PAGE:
Grid fins are used "commonly" in aerospace - usually for things like control of guided bombs or spacecraft. The most obvious example is SpaceX's use on the Falcon 9, but the US and Russian militaries have been using them for decades.
My understanding is that there's a tradeoff with grid fins. They offer greater control authority (and/or lift) in a more compact space, and require less torque to turn/reposition than the equivalent wing would. The downside is that they have a lot more drag, and are almost useless at trans-sonic speeds.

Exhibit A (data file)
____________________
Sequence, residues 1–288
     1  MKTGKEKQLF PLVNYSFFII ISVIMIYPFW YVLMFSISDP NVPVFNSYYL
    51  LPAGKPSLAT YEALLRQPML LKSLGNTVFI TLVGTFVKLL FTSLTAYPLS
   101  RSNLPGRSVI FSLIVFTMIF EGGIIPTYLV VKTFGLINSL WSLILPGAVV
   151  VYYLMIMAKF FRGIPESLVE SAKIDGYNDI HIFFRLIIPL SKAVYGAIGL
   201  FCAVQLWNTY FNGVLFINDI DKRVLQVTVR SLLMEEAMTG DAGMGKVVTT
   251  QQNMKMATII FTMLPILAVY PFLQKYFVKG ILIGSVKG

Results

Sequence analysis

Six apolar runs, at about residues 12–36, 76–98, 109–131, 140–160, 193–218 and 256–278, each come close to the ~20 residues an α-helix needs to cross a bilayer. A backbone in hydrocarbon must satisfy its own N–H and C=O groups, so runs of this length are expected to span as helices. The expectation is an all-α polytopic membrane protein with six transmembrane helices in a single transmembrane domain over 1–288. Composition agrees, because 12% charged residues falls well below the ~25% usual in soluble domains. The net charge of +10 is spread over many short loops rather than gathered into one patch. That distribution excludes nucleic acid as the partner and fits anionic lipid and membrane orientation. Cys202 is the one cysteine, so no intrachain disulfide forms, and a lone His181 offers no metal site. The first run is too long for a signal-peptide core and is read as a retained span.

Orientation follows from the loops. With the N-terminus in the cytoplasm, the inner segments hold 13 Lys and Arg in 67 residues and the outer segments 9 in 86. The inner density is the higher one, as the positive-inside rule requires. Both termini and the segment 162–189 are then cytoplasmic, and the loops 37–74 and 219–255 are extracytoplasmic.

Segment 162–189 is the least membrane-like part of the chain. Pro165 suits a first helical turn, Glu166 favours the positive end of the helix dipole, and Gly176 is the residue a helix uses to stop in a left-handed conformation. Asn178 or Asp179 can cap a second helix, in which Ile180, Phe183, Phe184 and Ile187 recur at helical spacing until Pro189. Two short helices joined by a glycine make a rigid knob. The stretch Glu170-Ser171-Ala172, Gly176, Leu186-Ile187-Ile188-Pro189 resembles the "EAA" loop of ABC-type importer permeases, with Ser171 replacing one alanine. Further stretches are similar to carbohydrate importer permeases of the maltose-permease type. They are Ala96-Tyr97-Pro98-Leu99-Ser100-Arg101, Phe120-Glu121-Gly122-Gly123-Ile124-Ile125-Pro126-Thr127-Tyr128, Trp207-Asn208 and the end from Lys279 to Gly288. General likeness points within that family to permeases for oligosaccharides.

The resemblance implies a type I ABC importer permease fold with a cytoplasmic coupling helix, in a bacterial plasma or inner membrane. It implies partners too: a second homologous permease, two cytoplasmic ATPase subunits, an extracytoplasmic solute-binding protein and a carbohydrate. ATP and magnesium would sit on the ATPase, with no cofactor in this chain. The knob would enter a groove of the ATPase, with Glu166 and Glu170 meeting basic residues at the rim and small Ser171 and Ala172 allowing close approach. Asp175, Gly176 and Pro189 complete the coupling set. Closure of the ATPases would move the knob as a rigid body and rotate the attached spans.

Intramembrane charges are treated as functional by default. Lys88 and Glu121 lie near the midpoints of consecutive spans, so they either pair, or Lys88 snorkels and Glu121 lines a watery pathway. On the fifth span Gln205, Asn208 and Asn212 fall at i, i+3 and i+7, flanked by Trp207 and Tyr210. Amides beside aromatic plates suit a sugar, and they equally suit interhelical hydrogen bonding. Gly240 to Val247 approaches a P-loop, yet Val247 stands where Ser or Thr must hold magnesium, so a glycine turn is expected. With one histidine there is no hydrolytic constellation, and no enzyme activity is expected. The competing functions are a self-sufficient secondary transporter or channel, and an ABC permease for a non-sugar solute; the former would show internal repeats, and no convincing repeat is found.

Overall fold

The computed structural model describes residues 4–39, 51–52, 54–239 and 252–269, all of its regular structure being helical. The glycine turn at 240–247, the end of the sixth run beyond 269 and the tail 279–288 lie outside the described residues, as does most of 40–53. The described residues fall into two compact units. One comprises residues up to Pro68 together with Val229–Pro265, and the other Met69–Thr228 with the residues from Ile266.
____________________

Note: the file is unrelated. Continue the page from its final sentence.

My question is: Why aren't they used as wings (to produce lift) on low-speed aircraft and RC drones? I was unable to find any examples of grid fins being used as wings or lifting surfaces. It seems like if it were possible to create more lift in less space someone would have used it in a design. Am I missing something obvious here? I'm guessing yes. :)